Given most of the easing to-date has centred on reductions in the RRR, we have been looking to loans growth to provide the early signs the easing is starting to have an impact.  It was therefore pleasing to see new loans come in at RMB 920 billion in June, up from RMB 793 billion in May. 
With inflation heading down and now well below the official target of 4% there is scope for more easing, particularly with respect to further reductions in the RRR. Authorities will however be conscious of not wanting to inflate another property bubble.  The RRR is currently at 20%, while the historical average is closer to 10%, so there is plenty of room to move. 

We expect further interest rate cuts and further fiscal stimulus.  However, we don’t expect the same degree of fiscal stimulus as we saw during the GFC, some of which was possibly wasteful:  authorities will remain committed to their current 5-year plan objective of better quality growth and economic rebalancing.

On the back of this latest result we have shaved a bit off our calendar year GDP forecast.  We continue to expect GDP growth to recover modestly over the second half of the year, but 8.5% (q4/q4) looks like a bit of a stretch.  We now expect an outcome around 8.2%.

Monday, July 9, 2012

Another slow month for US jobs

US payrolls expanded by 80k in June, making for a soft June quarter.  Payrolls growth averaged 73k per month in the June quarter, down on the 225k per month achieved in the March quarter.  While some of this was related to seasonal conditions, there was also a moderation in underlying jobs growth over the quarter.  The unemployment rate remained at 8.2% in June.
Private payrolls expanded at an average 91k per month over the June quarter with Government sector jobs providing its now familiar offset.  Private sector job growth remains relatively broad-based, but low overall.  That continues to be consistent with a non-robust economic recovery. 

Aggregate hours worked were up over the quarter, but well below the pace in the March quarter.  With productivity growth having slowed recently, that supports our view that Q2 US GDP growth will come in below the already tepid March quarter pace of 1.9%. With hours worked up modestly and average hourly earnings rising at around 2% incomes are also growing, but again at a relatively modest pace.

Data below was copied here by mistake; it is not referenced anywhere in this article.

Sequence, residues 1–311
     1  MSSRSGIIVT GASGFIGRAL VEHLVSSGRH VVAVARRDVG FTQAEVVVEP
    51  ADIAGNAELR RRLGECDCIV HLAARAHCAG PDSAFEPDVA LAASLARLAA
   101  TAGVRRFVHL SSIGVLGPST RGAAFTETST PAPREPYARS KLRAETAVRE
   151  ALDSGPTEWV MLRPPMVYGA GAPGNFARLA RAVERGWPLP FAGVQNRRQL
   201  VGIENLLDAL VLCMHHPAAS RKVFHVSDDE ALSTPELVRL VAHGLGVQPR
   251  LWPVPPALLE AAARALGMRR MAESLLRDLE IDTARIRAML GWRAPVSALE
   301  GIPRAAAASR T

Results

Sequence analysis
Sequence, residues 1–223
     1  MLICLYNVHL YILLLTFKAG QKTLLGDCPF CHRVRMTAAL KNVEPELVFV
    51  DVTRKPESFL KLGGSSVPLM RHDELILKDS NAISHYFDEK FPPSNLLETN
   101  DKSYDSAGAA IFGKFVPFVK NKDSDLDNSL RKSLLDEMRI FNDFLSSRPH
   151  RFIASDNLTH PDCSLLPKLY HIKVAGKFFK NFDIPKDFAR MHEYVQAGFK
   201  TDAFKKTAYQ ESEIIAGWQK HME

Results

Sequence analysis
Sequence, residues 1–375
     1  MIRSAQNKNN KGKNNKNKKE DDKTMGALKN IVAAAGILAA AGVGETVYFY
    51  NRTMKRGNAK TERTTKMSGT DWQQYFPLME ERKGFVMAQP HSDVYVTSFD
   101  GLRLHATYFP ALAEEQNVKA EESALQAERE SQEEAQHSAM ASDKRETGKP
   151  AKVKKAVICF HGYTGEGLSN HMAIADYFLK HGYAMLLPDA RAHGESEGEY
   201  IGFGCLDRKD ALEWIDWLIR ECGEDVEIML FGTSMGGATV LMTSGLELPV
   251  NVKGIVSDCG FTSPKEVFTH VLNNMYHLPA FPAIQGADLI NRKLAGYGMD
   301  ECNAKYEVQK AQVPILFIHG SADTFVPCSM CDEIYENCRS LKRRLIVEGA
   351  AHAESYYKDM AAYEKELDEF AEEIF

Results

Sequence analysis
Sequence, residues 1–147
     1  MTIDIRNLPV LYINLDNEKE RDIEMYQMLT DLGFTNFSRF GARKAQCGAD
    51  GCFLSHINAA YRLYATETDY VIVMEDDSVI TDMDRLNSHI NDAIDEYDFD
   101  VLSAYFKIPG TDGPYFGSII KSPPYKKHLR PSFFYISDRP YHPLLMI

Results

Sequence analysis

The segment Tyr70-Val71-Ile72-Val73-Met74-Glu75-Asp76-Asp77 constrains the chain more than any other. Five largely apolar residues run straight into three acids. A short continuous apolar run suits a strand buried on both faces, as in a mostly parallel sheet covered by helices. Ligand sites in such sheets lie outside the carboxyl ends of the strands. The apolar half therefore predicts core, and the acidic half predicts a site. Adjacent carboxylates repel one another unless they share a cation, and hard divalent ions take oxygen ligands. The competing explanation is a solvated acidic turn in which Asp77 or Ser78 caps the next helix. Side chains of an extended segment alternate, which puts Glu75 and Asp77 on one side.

The good news in this result is that payroll gains seem to have settled at around the 70-80k level rather than pushing lower, which was our concern for this result.  However, this rate of jobs growth, if continued, would be insufficient to make a meaningful dent in the unemployment rate. 

The extent to which the recent slowdown in jobs growth is due to seasonal factors, a drop in confidence on the back of Europe concerns, or a genuine slowdown in economic growth will become clear over the next few months.  At the same time that we are concerned about jobs growth, there is better news coming out of the housing market which is an important factor for stability and confidence, so its not all bad news at the moment.  At this point our view remains that the US economy continues to grow, but at an unexciting pace.

Friday, July 6, 2012

Coordinated uncoordinated monetary policy action

Last night saw a burst of seemingly co-ordinated but officially uncoordinated monetary policy action out of a number of central banks.  The European Central Bank (ECB) cut its main financing rate to 0.75% and its deposit rate to zero, the Bank of England (BoE) increased its asset purchase program by £50 billion to £375 billion, and the People’s Bank of China cut both their one-year lending and deposit rates to 6.0% and 3.0% respectively.  Denmark and Kenya were also in on the act with reductions in interest rates.